You are smart to prepare for the Graduate Record Examinations test. The GRE test is a mandatory admission requirement at many graduate schools. While the test is only one factor in your application packet, your scores are an important consideration. You will be assessed, in part, on how well you perform on two writing tasks: an issue task and an argument task. You will have 30 minutes to complete each one, and you should take a few minutes of that time to brainstorm and jot down ideas before writing -- just like you learned in college. In fact, marshal the other good habits and skills you learned in college and practice writing some essays before the test and you should be able to confront the GRE essays with confidence.
Read the statement and the instructions carefully. Educational Testing Service supplies this sample issue statement: “As people rely more and more on technology to solve problems, the ability of humans to think for themselves will surely deteriorate.” ETS also provides the instructions: “Discuss the extent to which you agree or disagree with the statement and explain your reasoning for the position you take. In developing and supporting your position, you should consider ways in which the statement might or might not hold true and explain how these considerations shape your position.”
Seize upon the key points. For example, it would be incorrect to focus on the dependent clause in the statement, which is not in dispute. The claim resides in the second clause: “…the ability of humans to think for themselves will surely deteriorate.” Likewise, in the instructions, you should focus on the “ways in which the statement might or might not hold true and explain how these considerations shape your position.”
Formulate your position. For example, you may agree with the statement and list ways in which technology “thinks” for us, such as by doing basic mathematical computations, thereby reducing our ability to do them ourselves. Or you may disagree with the statement and frame your list of reasons in terms of student research and how technology has given you greater access to materials.
Be specific in your examples and reasons. Provide illustrations from your personal experience. Do not paraphrase or repeat words in either the statement or instructions; demonstrate your ability for innovative and critical thinking. All of your points should support your position with clarity and purpose. Remember that your grade will not be determined on whether you agree or disagree with the statement but how well you support and provide evidence for your position on the issue.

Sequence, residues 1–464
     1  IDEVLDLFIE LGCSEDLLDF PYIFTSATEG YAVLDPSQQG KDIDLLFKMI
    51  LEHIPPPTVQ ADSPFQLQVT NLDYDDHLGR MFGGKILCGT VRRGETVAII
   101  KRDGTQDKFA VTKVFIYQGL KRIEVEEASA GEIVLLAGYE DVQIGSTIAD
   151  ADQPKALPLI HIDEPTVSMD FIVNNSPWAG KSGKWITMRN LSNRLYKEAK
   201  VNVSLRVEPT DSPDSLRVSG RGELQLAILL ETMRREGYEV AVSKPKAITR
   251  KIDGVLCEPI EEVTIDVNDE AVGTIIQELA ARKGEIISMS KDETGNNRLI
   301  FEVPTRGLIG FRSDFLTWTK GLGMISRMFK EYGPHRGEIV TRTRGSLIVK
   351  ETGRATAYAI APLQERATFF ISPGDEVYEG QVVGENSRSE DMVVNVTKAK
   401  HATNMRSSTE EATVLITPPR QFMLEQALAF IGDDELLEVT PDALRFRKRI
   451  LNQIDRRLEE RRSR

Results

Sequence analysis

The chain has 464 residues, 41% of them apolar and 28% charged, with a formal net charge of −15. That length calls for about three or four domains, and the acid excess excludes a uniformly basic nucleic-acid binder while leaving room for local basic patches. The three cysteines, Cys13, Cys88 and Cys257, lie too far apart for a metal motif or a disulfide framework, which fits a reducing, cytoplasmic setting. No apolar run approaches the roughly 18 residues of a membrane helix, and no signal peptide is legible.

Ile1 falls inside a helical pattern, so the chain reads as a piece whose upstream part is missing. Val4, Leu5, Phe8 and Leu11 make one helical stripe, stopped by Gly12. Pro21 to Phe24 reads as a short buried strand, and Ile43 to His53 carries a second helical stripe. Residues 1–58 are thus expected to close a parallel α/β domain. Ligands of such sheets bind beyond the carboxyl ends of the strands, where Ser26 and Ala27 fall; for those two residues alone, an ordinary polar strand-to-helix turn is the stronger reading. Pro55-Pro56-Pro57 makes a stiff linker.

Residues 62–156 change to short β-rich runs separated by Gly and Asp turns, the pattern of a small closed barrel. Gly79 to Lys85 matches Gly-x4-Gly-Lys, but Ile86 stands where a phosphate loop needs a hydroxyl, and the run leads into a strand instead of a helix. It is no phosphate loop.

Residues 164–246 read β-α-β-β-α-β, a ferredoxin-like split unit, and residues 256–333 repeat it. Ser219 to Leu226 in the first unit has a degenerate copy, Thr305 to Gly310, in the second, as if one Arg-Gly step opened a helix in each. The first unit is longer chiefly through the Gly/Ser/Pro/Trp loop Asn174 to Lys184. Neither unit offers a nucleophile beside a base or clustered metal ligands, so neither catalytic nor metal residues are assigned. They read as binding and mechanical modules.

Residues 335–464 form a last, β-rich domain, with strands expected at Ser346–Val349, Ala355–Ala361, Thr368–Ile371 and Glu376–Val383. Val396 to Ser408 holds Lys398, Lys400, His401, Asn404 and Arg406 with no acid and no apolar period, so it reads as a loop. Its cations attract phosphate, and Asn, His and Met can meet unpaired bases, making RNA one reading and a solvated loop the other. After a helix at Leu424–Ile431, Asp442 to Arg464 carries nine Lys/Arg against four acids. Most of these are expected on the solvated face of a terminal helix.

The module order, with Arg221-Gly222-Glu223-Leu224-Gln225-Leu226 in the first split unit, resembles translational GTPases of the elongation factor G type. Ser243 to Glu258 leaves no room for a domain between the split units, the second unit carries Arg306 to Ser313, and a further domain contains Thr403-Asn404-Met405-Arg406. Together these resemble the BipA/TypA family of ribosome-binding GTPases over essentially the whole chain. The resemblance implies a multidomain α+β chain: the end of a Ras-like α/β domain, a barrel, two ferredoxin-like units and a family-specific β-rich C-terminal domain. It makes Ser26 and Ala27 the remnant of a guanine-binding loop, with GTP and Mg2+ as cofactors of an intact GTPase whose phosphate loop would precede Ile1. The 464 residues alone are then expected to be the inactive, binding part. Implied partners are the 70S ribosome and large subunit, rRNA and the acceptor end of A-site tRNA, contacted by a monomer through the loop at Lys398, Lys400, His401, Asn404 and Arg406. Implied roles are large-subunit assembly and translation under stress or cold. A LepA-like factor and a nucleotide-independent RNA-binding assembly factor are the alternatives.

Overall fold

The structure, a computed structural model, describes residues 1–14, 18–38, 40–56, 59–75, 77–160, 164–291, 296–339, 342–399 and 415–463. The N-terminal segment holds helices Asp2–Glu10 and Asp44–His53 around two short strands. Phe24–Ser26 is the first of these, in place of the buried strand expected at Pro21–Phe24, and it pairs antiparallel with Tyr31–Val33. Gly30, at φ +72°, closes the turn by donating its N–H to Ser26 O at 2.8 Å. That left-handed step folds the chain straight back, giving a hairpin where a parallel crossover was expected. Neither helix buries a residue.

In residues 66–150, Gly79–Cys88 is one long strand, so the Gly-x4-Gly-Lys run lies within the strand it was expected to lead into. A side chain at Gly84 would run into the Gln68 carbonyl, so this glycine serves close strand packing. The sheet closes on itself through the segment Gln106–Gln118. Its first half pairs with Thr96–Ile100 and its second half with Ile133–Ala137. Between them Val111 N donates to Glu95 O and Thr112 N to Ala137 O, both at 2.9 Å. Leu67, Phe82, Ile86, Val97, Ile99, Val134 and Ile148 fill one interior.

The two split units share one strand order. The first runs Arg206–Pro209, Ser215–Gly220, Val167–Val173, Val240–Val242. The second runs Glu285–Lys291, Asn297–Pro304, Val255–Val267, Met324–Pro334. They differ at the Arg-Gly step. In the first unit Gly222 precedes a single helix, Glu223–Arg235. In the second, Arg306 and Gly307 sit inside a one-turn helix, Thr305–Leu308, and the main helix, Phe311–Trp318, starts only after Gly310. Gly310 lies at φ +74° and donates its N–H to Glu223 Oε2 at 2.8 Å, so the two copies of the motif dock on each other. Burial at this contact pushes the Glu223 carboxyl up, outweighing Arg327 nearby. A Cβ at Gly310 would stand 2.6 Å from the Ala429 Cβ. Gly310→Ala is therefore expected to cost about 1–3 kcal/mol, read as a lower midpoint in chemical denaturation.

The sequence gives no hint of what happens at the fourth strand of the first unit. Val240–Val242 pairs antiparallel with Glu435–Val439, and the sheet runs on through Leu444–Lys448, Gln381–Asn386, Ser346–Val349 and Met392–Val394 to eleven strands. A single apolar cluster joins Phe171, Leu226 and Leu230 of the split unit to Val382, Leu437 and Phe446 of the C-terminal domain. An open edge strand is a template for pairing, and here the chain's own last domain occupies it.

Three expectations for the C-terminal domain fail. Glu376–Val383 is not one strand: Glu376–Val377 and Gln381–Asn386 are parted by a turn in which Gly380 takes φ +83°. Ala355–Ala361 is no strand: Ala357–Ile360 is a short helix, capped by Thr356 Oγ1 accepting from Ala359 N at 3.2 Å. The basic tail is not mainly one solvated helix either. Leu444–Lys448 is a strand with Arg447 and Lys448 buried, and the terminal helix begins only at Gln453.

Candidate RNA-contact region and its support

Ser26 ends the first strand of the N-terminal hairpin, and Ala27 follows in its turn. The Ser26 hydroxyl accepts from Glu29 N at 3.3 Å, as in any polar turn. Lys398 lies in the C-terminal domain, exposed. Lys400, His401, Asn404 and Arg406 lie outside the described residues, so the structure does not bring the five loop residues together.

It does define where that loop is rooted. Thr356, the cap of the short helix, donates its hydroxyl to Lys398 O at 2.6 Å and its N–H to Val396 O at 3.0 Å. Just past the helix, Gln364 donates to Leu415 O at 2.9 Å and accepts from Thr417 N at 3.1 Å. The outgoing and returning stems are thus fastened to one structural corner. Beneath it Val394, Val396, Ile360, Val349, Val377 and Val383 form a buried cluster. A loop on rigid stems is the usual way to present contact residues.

Read the argument, thinking of it as a portion of a larger argumentative paper. My GRE Tutor offers the following example: “Speed limits on our state's highways should be eliminated in order to increase our state's prosperity. Because greater speed means more efficient travel, commercial deliveries will be faster, increasing business profits. Elimination of speed limits will also make driving more attractive to motorists so that more people will use the highways, providing more highway toll revenues for the state. At the same time, safety on our highways will not be affected. Daytime speed limits were eliminated last year in the western states of our country and no significant increase in the number of accidents in these states has been reported.”
Compare this argument example to the standard format for a reasoned argument: the introduction; the writer’s stance; support and evidence for the writer’s stance; presentation of opposing views; the writer’s response to these views (acknowledging and refuting them, or both); and the conclusion.
Determine how reasoned, sound and logical the argument is and illuminate the inconsistencies and flaws. For example, the “writer” makes the assumption that “the elimination of speed limits will also make driving more attractive to motorists.” You may question this assertion, making the good point that not everyone likes to drive fast. Also look for points that may prevent the argument from being persuasive. In this example, the introduction is missing, which may be a minor point because the “writer” does not present opposing views -- nor does he acknowledge or refute them. Finally, the “writer” refers to highway toll revenues and fewer accidents, but “the writer” fails to provide statistics.
Strive for clarity with both writing tasks. According to My GRE Tutor, you will be graded on your ability to “clearly and effectively articulate complex ideas; examine claims and discuss accompanying evidence; provide examples to help support your claims; sustain a well-focused discussion; and control the elements of standard written English.”
- Budget your time during the test so that you can proofread and edit your work. Your ability to use good grammar, spelling and punctuation is important, but “it's much more important that you concentrate on writing a coherent, complete and persuasive essay,” according to My GRE Tutor.
- Practice writing issue and argument essays until you are thoroughly comfortable with the methodologies. Eliminating the sense of surprise should help bolster your confidence.
- My GRE Tutor: GRE Essays: Issue and Argument
- Major Tests.com: GRE Essays
- Educational Testing Service: Introduction to the Argument Task
- Purdue University Online Writing Lab: Expository Essays
- U.S. News: Test Prep: 6 Tips for GRE Success
- Writing Arguments; John Ramage, John Bean and June Johnson; 2001
- The New St. Martin’s Handbook; Andrea Lunsford and Robert Connors; 1999.
- Eduers.com: GRE Frequently Asked Questions
- The Scott, Foresman Handbook for Writers; Maxine Hairston and John Ruszkiewicz; 1991.
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